In late antiquity, Platonic philosophy consisted mainly of commentaries on the dialogues of Plato. Beginning with an anonymous Middle Platonic commentary on the Theaetetus and culminating in the great commentaries of Proclus, Damascius and Olympiodorus, Platonic antiquity has given us a substantial number of commentaries on Plato.
These texts belong to a school curriculum, which has its distinct conceptual foundation in the philosophy of Plato. This curriculum was developed by Iamblichus and practiced until well into the 7th century. Its goal was a systematic and didactic-anagogic introduction to the philosophy of Plato.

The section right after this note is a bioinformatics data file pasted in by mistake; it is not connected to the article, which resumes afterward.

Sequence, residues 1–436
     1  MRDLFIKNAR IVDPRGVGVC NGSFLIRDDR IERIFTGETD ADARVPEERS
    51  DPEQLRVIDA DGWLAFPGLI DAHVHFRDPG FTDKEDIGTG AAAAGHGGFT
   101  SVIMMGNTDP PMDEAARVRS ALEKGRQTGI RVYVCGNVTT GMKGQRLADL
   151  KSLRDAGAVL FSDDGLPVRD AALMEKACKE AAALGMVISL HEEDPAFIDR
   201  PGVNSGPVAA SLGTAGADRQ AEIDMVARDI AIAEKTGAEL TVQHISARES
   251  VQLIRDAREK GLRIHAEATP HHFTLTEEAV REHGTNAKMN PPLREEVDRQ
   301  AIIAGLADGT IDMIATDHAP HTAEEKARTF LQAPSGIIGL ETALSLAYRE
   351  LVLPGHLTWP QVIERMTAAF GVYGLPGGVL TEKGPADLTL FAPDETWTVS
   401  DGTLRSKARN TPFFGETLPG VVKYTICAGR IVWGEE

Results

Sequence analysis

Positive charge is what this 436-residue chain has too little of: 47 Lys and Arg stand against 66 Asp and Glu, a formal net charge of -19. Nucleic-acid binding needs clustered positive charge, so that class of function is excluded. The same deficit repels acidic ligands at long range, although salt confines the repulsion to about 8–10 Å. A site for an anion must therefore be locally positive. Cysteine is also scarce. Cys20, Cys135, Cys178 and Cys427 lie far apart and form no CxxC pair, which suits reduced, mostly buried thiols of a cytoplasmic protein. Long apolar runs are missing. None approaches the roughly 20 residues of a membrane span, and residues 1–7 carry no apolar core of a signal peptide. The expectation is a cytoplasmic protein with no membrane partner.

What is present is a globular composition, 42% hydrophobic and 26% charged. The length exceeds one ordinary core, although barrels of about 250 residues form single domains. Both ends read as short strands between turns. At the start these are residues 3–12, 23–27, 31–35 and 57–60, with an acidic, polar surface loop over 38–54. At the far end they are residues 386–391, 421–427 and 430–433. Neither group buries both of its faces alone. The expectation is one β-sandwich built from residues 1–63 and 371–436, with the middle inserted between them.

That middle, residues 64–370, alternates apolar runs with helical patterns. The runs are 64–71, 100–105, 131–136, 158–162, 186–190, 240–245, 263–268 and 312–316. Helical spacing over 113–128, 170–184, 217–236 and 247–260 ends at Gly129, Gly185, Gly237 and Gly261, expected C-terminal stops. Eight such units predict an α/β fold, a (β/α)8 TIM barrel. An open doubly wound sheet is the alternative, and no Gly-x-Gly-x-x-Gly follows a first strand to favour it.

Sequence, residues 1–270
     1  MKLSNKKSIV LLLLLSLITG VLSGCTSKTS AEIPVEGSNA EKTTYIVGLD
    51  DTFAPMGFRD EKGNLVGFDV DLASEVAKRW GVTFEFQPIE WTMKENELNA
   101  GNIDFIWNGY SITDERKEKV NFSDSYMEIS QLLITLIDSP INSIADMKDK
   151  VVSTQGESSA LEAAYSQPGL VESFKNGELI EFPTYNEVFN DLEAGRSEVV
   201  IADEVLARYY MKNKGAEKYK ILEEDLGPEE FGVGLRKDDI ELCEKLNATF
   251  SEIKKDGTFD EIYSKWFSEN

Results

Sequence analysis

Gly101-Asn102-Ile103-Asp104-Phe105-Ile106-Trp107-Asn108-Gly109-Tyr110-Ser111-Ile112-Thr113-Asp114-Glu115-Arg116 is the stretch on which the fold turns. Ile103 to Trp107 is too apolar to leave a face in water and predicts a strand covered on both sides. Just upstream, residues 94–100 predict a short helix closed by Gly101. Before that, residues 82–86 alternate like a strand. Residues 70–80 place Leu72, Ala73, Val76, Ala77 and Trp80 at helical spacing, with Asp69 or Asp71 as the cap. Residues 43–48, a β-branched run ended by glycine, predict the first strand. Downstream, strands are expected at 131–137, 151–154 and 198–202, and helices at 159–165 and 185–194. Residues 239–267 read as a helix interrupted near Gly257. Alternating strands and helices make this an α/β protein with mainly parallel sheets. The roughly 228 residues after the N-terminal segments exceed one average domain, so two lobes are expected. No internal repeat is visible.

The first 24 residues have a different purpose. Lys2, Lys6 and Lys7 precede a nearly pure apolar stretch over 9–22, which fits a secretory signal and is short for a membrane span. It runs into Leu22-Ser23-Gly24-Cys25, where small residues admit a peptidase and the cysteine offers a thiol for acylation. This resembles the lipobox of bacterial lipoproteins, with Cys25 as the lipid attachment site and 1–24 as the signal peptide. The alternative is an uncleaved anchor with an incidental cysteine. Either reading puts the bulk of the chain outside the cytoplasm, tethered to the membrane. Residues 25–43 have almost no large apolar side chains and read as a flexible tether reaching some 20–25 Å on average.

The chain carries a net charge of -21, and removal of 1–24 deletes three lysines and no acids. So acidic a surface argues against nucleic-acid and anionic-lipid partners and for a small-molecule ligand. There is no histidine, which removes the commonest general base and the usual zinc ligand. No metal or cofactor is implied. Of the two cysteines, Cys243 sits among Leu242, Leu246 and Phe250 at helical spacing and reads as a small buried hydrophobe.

The extant commentaries come from this school curriculum, which was practiced in the two centers of Platonism in late antiquity, Athens and Alexandria. The importance of these methodological and hermeneutic approaches to Plato’s philosophy still to this day hasn’t been fully realized and the approaches themselves consistently used for the interpretation of Plato.
The Leibniz research project “The School of Platonism – Commentaries on Plato” is an attempt to fully give these commentaries their due. One focal point of this project is the commentary on the dialogue Parmenides, which was seen by the ancient commentators as the summit and epitome of Platonic metaphysics, dialectic and theology.